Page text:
Bauhaus-Universität Weimar

DEVELOPMENT OF ANIMAL HEAT. 
89 
opposed to those obtained by Dr. Nasse, who found no difference, as 
regards their capacity for caloric, between the different secretions 
and water; while Dr. Davy also detected scarcely any difference in 
this respect between the blood and water. ' M. Pouillet* has directed 
attention to another source of heat in the vital processes. All solid 
bodies, inorganic as well as organic, undergo an elevation of tem¬ 
perature when moistened with different fluids. This elevation of 
temperature is much greater in organic substances; in several cases 
M. Pouillet found that it amounted to from 11° to 18° of Fahrenheit. 
The solution of the food by the fluids of the stomach might be taken 
as an example, and perhaps the slight increase of heat which attends 
digestion might be thus explained. But a more considerable and 
more general source of animal heat is undoubtedly to be found in the 
organic processes, in which by the operation of the organising forces 
on the organic matter heat is generated, not in one, but in every 
organ of the body: hence it is, that in cases of long fasting, in which 
the separation of the old, but not the organisation of new matter 
continues, the temperature of the body, according to Martine, falls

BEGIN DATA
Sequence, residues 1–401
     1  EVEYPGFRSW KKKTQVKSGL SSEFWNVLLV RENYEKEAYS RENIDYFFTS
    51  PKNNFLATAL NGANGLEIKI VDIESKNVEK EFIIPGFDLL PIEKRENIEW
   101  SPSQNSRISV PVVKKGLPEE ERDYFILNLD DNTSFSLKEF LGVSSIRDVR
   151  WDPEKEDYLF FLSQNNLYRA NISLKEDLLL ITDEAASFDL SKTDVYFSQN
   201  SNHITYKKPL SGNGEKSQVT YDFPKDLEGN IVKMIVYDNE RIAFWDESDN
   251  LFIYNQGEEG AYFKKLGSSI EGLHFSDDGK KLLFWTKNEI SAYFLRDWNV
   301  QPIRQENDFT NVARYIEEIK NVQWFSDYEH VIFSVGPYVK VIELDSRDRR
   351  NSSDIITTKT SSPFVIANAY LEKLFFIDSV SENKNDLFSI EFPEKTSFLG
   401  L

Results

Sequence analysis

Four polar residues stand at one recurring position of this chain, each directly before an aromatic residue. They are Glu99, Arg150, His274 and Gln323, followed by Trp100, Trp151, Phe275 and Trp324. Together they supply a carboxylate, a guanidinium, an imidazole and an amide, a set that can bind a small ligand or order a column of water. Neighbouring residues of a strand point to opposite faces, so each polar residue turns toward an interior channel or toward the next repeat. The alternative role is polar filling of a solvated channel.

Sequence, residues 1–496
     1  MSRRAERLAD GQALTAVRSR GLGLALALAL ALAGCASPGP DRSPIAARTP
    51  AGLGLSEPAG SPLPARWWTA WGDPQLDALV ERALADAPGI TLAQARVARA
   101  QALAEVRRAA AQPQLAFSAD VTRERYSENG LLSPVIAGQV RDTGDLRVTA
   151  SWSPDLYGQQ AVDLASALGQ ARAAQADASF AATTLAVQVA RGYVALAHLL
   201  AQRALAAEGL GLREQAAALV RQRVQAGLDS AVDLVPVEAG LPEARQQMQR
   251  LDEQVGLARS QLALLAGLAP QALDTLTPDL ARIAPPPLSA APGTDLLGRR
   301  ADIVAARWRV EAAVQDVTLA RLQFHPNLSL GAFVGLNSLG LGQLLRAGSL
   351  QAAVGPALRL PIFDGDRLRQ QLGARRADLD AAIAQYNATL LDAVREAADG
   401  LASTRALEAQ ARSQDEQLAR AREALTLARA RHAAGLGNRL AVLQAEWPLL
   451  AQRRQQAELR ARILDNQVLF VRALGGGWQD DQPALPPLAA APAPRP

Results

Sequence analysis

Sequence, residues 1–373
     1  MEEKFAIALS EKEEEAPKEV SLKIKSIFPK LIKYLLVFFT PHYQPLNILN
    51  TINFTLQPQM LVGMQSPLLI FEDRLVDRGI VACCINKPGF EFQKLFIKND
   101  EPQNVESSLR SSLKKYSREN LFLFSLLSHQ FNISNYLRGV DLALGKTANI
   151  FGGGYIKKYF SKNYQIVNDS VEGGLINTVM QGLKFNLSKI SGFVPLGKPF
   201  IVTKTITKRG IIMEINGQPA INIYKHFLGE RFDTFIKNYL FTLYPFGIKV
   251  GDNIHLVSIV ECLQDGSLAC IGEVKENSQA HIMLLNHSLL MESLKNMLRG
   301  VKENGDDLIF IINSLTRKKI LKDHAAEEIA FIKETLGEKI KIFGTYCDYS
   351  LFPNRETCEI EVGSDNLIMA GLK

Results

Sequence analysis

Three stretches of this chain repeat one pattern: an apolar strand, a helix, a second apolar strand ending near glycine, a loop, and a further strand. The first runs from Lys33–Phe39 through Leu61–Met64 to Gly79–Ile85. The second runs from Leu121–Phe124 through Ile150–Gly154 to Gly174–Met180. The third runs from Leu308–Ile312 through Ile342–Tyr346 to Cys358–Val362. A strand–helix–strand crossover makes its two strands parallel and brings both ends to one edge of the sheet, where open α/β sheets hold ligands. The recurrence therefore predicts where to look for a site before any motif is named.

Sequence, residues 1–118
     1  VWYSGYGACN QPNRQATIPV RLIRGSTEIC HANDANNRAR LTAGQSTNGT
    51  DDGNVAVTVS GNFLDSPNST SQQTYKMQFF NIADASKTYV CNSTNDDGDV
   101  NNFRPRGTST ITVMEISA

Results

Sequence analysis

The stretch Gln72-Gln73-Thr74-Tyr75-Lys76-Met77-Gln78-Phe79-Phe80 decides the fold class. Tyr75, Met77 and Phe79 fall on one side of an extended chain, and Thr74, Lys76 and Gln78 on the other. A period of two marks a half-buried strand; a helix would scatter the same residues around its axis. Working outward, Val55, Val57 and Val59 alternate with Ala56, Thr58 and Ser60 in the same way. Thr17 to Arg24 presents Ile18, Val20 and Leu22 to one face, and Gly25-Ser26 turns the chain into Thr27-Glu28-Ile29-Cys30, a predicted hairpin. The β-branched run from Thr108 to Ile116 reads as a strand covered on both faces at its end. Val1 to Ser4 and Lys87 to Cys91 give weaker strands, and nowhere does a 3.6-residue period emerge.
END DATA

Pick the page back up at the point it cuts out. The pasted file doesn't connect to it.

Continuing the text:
considerably, even to the extent of several degrees, although at the 
same time the source of caloric in the, formation of carbonic acid 
remains. A case of stricture, or closure of the oesophagus, related 
by Dr. Currie, seems however to contradict this. In inflammation, 
the flow of blood to the part is increased, and the temperature is at 
the same time elevated; but Dr. J. Thomsont thinks that it never 
rises higher than the temperature of the blood in the great vessels. 
In scrofulous tumours in a state of active inflammation, MM. Bec¬ 
querel and Breschet found the temperature raised as much as 5^° F. 
Muscular contraction, also, they state, is attended with an elevation 
of temperature in the part to the extent of lf° or 3f° Fahr. It was 
also observed by the same writers that a feverish state of the body 
caused its temperature to rise to 5i° F.; while, as is well known, the 
depression of vital energy in nervous affections, and in rigors, causes 
the temperature of the body to fail, although respiration is unaffected. 
Dr. Currief found the temperature in the palm of the hand during 
syncope to be as low as 63° F. 
3. Influence of the nerves in the generation of heat.—Now, 
since all organic processes are chiefly dependent on the influence 
exerted by the nerves on the organic matter of the body, it cannot 
appear wonderful if the reciprocal action between the organs and 
the nerves is a main source of animal heat. The experiments of 
Brodie, Chaussait, and others, have proved this. Elliot and Home 
have observed that, after division of the nerves of a limb, its tem¬ 
perature falls, and this result is confirmed by the observation of all 
experimenters as to the effect of division of the nervus vagus. The 
diminution of temperature is detectible by a thermometer; the mere 
sensation of cold after injury to the nerves of a limb must not be 
* Ann. Chem. Phys. 20, 141.—Meckel, Archiv, viii. 233. 
t Lectures on Inflammation. Edinb. 1813, p. 46. 
t Currie, Wirkungen, des Calten, und Warmen Wassers. Leipsic, Bd. i. 267. 
Currie on Cold Affusion. 
8*
        

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